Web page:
Some hectic stuff happened! I found and repeatedly poked a big Squirty, though it didn't drop anything upon death, sadly. I was hoping for the Poison part! I ate some more meat and went to the next level, where, after finding and chasing a now normal-sized Squirty, I find a Pinky eaten by a big Stabber, and the Pinky dropped a Cilia part which I wanted to get, but I had to fend off the Stabber by poking it repeatedly, and then after it dies, I come back and the part that dropped isn't even here anymore! Anyway, I get these parts I need from a Punky and another Squirty and almost die in the process. After, I struggled a little for a while to find meat, because it looks like I had to attack actual cells for those, and chasing them is a little difficult while being kinda slow like that!
I got to the next level and got eaten by a Ducky soon after. Soon after that, died to a Stabber for some reason. Then I get lucky and manage to catch and stab a Nosey - which are very, very fast and thus very hard to properly catch! It dropped a Proboscis part, an omnivorous mouth part, which lets you eat both cells (though not floating meat chunks; you drink cells instead) and plants. It's also cheaper than equipping separate carnivorous and herbivorous mouths at the same time! Though it still IS a little pricey. It might be my favorite part!
I progress to the next level again, encounter a bunch of Buzzies and immediately stab one, unlocking the last part - Electric! I hardly use it, because, unlike Poison which leaves a poisonous cloud trailing behind your cell constantly, Electric only zaps a ceratin nearby cell (or cells) once every few seconds. I was thinking of possibly using it this time, but I forgot about it until I got to the very last level anyway, so whoops! I finally got enough DNA to put a Cilia part on my cell, and I also considered switching the mouths and spike to just a proboscis, but realised how often I rely on the spike to stab bigger cells so they leave me alone. You can't do that with a proboscis! Anyway, the Cilia part has a speed boost and lets your cell turn basically instantly.
Another level, another death by being stabbed, ironically. Whoops! Thankfully, there's basically no death penalty, unless you're going for a deathless run. I progress again and encounter an egg, which will hatch into a Junior - an annoying little bugger! My cell's spike saves it a lot, actually, because it can poke cells directly through their mouths, without my cell taking damage, so it's not hard to deal with the annoying little buggers. There's also a Maa, a big cell that will lay some Junior eggs (unless you're on the easy difficulty) every once in a while, but is harmless otherwise.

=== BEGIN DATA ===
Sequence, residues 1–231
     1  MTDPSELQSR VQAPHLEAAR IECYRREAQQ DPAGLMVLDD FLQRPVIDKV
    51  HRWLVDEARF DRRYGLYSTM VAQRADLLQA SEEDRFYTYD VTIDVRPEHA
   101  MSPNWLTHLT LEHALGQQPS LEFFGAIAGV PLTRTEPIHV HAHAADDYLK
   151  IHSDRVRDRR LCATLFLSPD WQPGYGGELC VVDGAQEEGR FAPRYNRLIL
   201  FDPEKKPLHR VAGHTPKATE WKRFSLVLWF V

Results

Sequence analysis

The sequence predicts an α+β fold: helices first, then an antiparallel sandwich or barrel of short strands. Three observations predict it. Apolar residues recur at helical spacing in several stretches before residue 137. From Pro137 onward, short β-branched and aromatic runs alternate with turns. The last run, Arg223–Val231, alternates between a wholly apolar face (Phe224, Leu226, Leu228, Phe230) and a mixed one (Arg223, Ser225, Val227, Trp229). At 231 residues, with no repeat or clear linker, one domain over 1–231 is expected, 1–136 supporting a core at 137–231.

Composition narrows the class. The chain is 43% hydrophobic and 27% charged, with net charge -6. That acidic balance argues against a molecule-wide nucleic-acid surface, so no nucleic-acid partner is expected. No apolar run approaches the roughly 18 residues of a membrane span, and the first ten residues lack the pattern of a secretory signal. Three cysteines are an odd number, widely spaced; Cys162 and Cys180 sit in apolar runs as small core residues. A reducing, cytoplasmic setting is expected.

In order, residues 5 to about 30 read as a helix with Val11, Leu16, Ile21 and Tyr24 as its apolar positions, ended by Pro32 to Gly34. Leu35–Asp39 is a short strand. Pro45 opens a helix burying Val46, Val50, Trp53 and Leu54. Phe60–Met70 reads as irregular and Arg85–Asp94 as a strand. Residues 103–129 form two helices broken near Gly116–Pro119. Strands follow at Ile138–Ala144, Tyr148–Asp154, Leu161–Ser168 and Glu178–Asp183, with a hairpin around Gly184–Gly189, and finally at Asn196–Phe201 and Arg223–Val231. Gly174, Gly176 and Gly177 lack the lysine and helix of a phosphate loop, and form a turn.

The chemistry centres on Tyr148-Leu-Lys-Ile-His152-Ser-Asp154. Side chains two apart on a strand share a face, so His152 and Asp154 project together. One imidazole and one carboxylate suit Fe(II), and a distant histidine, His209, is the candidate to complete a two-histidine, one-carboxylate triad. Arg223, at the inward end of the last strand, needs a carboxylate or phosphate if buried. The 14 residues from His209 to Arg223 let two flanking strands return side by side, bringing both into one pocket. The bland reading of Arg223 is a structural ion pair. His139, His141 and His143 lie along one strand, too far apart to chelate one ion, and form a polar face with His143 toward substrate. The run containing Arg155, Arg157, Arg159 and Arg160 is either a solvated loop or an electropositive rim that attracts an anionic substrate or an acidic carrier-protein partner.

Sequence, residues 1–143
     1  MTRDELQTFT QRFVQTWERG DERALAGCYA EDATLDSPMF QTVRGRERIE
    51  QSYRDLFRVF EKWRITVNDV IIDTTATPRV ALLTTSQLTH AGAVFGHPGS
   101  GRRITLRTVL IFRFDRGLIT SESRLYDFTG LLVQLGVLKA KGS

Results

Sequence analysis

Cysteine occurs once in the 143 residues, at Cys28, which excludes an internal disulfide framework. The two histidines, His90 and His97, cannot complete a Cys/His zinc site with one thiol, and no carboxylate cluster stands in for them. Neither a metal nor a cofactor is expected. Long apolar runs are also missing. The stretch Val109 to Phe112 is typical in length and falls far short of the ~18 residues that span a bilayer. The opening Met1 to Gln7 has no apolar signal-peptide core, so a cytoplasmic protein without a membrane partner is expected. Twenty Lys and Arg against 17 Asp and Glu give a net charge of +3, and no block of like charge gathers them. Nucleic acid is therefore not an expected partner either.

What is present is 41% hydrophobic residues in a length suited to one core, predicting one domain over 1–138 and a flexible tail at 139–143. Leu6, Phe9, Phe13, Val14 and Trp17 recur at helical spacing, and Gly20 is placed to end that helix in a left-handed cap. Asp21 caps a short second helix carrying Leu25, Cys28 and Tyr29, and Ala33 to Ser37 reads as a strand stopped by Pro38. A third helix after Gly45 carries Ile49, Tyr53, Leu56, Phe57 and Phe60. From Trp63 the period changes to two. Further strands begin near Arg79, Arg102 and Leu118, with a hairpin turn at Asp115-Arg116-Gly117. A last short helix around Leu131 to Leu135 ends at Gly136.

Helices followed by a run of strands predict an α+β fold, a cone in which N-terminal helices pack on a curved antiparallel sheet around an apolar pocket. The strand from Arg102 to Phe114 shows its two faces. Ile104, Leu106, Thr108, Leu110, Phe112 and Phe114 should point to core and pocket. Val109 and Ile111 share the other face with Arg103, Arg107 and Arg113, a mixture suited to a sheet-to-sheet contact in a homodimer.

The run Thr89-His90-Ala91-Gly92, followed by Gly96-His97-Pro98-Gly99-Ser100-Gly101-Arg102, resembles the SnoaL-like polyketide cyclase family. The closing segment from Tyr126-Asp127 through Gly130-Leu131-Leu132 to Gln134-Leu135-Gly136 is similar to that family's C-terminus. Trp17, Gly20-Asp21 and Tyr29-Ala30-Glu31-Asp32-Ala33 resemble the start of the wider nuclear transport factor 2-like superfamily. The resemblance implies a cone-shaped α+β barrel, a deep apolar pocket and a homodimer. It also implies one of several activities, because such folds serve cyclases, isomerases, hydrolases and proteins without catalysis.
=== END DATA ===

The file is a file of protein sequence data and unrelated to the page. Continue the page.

You may be wondering if there's a Paa too - and there is, on the next and last level of the stage, which I just got to! Paas are basically big Juniors, and they fight off you and the Megamouths, but interact peacefully with Maas and Juniors. Some cells in this stage are pretty clearly related to each other, and they won't attack each other! Very nice! On the last level you are actually big enough to eat the Juniors and the eggs with one chomp. You can even eat the eggs as a herbivore for some reason. This was also really uneventful - we ate enough meat for our cell to randomly grow a very tiny brain, signifying the end of the stage. We're on the path to sapience, the game says!
I progress to the next stage immediately after randomly eating an egg. I end the stage with a Carnivore card, which I would have even if I did switch the cell's mouth to the proboscis - the card you get depends on how many cells or plants you kill or eat, instead of its actual diet. Let's move on to the Creature Stage!
Before the stage properly starts, we get our first taste of the Creature Editor, though this specific one is called the Early Creature Editor. The parts are all the same as the parts you've unlocked throughout the Cell stage (which will actually be unavailable in the proper Creature Editor without mods), with an addition of some simple legs, and the full pattern selection.
Stabby now has fancier patterns and a Proboscis mouth! That means this is now an omnivorous creature, even despite ending the Cell stage with a Carnivore card. Using some usual Creature Editor tricks, I also give them digitigrade legs, and arms (without hands) for advance. The Cell parts now have new abilities in the Creature Stage, so spikes let the creature charge, poison lets them spit, and electric is purely just for socializing. I was running low on DNA for new parts, so I didn't get a lot of those. I'll be unlocking way more parts throughout the stage, anyway!
The creature I just made surfaced, called out for others of its kind, and then all of them crawled onto land. We start the gameplay in a nest. This is my favorite stage! It's now 3D, and you get to play as a sort of animal of your making. You can choose to befriend or attack other creatures (I will do both here), which is actually how you progress through this stage, instead of just eating a lot. There is now a whole specific continent to explore, user-made creatures to find, skeletons to pick up for parts, epics, other stuff!!!